Last month I gave a presentation on DAD at the Innovate Comes to You conference in Long Beach. During my review of the DAD practices, someone asked a question if non-solo development (aka pairing) was a cost-effective practice. Which made me realize they had never tried it. Having been a programmer now for 28 years, I’ve cut a lot of code. During which, I’ve done a lot of solo-development and non-solo development, and I’d have to say that I would highly recommend non-solo development in most contexts.
Non-solo development produces higher quality code, code with fewer defects, and less technical debt. Most all of us have seen the chart that shows the cost of a defect growing exponentially during the development lifecycle. Fixing a bug in a maintenance mode requires someone (or a pair) to wrap their brain around often complex algorithms in order to understand the logic, make the repair, and not break something else. This is far more costly later, rather than when the code is “fresh in your head”. Having a second set of eyes present while code is being authored often catches these bugs before they happen.
Having two minds make design decisions in real-time during coding, greatly reduces future technical debt. Furthermore, model storming with the team will improve overall architecture and design and result in less refactoring work and technical debt. If you’ve ever been on a project that has suffered from the costs of technical debt then surely you can realize the benefits of preventing technical debt before it’s incurred.
Non-solo development usually increases productivity, motivation, and morale of developers. From my own personal experience with pairing, I’ve found it increases productivity in most situations. Left alone, I’m more prone to lose focus, surf the net, think about non-work things, etc. When engaged with a partner I tend to be more driven, motivated, and focused on completing development tasks. Team work and collaboration is often more rewarding then coding by one’s self. Tag teaming the keyboard helps to keep the pace and reduce fatigue.
Many projects will find they need fewer code reviews with non-solo development, due to actual code reviews happening in real-time. If you try non-solo development on your team, you’ll find that certain combinations of individuals have better chemistry and thus better throughput and quality. In most situations you should try to keep these bands together jamming out great code, unless there is a need to grow the skills of more junior resources.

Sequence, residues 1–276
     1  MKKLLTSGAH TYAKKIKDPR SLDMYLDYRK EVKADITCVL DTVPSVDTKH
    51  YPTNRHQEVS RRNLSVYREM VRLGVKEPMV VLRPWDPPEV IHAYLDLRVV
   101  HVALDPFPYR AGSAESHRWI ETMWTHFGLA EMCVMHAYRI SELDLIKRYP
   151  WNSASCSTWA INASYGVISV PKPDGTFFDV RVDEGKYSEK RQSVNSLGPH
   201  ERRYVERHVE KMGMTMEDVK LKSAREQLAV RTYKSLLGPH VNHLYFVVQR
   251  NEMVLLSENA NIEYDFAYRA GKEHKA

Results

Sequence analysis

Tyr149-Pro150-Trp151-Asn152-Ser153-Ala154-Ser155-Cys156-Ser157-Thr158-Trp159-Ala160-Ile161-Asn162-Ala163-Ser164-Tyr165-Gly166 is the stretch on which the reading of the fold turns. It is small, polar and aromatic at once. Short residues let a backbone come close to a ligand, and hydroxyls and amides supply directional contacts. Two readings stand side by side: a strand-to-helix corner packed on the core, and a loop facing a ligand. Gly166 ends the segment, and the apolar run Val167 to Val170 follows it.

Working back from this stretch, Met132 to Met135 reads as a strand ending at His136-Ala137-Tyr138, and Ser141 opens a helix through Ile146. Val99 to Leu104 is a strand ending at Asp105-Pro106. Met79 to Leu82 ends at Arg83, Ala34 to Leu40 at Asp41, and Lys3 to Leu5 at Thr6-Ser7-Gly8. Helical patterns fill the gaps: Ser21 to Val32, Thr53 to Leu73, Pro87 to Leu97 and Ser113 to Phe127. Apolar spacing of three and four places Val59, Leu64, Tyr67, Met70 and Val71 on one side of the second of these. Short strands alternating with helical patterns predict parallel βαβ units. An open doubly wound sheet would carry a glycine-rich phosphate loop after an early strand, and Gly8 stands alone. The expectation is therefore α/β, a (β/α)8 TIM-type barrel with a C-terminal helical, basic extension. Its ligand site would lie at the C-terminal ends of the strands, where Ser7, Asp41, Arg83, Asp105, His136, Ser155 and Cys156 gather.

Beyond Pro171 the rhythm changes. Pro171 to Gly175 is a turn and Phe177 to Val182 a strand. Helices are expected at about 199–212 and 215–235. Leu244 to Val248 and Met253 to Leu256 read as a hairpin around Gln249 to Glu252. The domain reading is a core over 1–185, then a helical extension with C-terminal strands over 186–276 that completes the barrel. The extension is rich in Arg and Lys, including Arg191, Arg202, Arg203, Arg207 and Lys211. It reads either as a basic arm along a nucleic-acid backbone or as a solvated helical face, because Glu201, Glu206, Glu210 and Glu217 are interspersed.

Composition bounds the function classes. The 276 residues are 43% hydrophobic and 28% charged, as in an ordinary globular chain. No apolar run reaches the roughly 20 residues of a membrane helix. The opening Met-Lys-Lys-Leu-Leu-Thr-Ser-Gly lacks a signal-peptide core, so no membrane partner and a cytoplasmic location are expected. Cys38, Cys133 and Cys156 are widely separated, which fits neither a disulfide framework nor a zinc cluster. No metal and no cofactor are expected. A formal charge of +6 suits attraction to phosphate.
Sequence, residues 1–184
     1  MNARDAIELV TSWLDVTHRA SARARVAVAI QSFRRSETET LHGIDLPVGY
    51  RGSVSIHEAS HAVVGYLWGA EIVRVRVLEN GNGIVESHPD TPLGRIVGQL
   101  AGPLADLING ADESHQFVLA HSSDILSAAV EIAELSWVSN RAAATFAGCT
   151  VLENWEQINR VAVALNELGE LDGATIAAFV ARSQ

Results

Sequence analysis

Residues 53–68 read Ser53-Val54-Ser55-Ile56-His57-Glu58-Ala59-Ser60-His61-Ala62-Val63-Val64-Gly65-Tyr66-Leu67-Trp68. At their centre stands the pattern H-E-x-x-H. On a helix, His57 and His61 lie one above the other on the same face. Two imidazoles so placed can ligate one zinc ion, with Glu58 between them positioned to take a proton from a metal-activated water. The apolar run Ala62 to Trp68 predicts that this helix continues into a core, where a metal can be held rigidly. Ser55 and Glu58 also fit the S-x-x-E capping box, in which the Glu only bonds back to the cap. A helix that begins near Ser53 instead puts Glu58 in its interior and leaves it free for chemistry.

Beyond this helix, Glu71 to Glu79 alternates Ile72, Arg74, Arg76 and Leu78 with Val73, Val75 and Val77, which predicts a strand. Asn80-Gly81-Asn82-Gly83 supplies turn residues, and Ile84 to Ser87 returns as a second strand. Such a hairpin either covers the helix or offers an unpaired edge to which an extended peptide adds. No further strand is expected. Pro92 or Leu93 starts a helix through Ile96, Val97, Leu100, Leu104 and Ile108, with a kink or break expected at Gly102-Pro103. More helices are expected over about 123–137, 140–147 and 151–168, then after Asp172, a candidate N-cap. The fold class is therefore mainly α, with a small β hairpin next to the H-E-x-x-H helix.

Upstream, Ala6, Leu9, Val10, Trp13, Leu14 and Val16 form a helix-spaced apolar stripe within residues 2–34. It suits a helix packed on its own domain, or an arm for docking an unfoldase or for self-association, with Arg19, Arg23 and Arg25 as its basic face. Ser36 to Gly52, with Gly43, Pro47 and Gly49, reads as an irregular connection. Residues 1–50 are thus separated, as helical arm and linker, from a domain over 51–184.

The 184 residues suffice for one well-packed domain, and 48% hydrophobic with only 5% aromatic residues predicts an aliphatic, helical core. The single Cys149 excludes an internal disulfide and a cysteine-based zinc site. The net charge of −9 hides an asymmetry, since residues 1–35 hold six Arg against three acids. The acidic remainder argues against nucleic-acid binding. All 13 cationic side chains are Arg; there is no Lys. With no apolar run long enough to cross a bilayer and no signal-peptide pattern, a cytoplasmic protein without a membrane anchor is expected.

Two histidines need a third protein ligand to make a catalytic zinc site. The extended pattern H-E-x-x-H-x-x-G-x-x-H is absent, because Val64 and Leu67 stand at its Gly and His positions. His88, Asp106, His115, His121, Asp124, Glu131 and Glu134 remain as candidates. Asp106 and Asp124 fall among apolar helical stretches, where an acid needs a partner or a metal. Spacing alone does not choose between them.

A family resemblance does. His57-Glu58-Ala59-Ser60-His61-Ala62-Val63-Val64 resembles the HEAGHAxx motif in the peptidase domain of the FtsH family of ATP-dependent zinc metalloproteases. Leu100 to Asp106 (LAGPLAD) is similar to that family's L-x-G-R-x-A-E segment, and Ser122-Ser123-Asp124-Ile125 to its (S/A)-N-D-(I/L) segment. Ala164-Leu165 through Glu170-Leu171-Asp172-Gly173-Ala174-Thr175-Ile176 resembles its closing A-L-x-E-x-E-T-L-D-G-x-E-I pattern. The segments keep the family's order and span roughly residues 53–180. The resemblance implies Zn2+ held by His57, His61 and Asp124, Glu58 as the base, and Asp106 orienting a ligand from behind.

Non-solo development is an excellent way to grow development skills. Matching up senior developers with junior developers is a great way to grow your talent pool. In these situations, I prefer to have the junior developer do most of the “driving” with the senior developer in the “back seat”. It’s a great way to bring new resources up to speed with architecture, design, and the state of the code.
It’s also highly effective during maintenance. In these situations it’s good to group resources less familiar with code with resources more familiar with the code. By fixing bugs and developing new code together, tacit knowledge and skills are transferred more readily. Non-solo development is a key ingredient to growing skills and improving the capabilities of your personnel and your team.
Non-solo development by nature increases the “bus factor”. If tacit knowledge gained by authoring code is not shared by more than one developer, if that developer is “hit by a bus” or leaves the project, that knowledge is lost. Hopefully code is well commented, clearly written, and may even be externally documented (though I question the value of creating external code documentation in many cases). However, even well described code can take time to understand how it works, especially to the level needed to make changes without introducing new bugs.
This is why non-solo development is effective in reducing this dependency on a single developer, on a single point of failure. Knowledge redundancy achieved by sharing the tacit knowledge of how various code modules or sub-systems function, helps build a more collaborative, fault-tolerant environment. Trying to capture this tacit knowledge in documentation and to keep it up to date increases costs and decreases productivity.
So is solo development always bad? No, I’ve written a lot of great code all by myself. There have been projects where I understood the business, knew what software it needed, grasped how to architect the solution, could see much of the design details in my head, and just coded like the wind. No communication to slow me down, heck there were times where I coded 18-20 hours a day for a week at a time. I was able to whip out tremendous value in a short period of time. But that kind of pace is not sustainable over months. Nor is the single great developer scalable to large projects. Plus, who will maintain all that code, once that developer moves on to the next project.
At some point, most projects take a team of people. As mentioned above there are big benefits in combining team members and avoiding solo development. Especially with respect to quality during green field development where considerable design decisions are being made as new code is developed. The whole can be greater than the parts; the power of collaboration and non-solo development will improve quality and keep the velocity churning. If you’ve never tried non-solo development on your team, you should. You’ll never experience the benefits if you don’t give it a shot.